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NCJRS Abstract

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NCJ Number: 182773 Add to Shopping cart Find in a Library
Title: Industrial Hemp in the United States: Status and Market Potential
Corporate Author: US Dept of Agriculture
United States of America
Date Published: January 2000
Page Count: 43
Sponsoring Agency: NCJRS Photocopy Services
Rockville, MD 20849-6000
US Dept of Agriculture
Washington, DC 20013
Sale Source: US Dept of Agriculture
14th and Independence Ave. SW
P.O. Box 2415
Washington, DC 20013
United States of America

NCJRS Photocopy Services
Box 6000
Rockville, MD 20849-6000
United States of America
Type: Report (Study/Research)
Format: Document
Language: English
Country: United States of America
Annotation: This assessment of the status and market potential for industrial hemp in the United States concludes that uncertainty about long-term demand for hemp products and the potential for oversupply discounts the prospects for hemp as an economically viable alternative crop for American farmers.
Abstract: Current markets for bast fibers like industrial hemp include specialty textiles, paper, and composites. Hemp hurds are used in various applications such as animal bedding, composites, and low-quality papers. As joint products, finding viable markets for both hemp bast fiber and hurds may increase the chances of a successful business venture. Hemp industry sources and some academic studies cite many potential uses for hemp fiber and hurds; however, for these applications to develop or expand, hemp will have to compete with current raw materials and manufacturing practices. The U.S. market for hemp fibers is, and will likely remain, a small, thin market. Changes in price or quantity could be more disruptive and have a greater adverse impact on market participants than would be the case in a larger market. Several States have published reports or authorized agronomic and economic feasibility studies of hemp production. The four reports summarized in this presentation have focused on various aspects of supply and/or demand. Overall, hemp production was profitable only at the higher end of estimated yields and prices. It is questionable that U.S. producers could remain profitable at the low end of the estimated net return, particularly given the thinness of current U.S. hemp markets. 15 tables and 45 references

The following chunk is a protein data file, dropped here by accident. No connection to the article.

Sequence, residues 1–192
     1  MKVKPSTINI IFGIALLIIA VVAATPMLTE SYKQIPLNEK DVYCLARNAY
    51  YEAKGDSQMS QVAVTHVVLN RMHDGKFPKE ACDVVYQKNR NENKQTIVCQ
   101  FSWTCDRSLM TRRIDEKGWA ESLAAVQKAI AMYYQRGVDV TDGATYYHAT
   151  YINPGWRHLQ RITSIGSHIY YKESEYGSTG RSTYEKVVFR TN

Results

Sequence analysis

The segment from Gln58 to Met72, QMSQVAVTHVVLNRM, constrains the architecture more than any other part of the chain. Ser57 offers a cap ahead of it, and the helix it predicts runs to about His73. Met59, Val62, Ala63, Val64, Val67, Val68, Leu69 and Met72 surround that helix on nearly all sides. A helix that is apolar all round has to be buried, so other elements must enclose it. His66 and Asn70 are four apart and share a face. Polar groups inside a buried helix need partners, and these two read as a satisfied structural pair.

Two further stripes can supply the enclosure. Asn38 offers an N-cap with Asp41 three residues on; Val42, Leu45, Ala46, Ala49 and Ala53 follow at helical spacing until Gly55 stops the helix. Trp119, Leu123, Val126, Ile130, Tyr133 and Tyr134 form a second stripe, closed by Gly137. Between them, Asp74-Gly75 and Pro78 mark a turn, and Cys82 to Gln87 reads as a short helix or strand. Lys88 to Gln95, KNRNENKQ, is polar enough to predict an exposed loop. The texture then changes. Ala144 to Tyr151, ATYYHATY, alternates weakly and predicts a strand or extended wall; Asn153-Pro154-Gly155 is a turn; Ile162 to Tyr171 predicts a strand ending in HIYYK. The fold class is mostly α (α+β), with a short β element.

Main Term(s): Drug regulation
Index Term(s): Controlled Substances; Drug information; Marijuana
To cite this abstract, use the following link:
http://www.ncjrs.gov/App/publications/abstract.aspx?ID=182773

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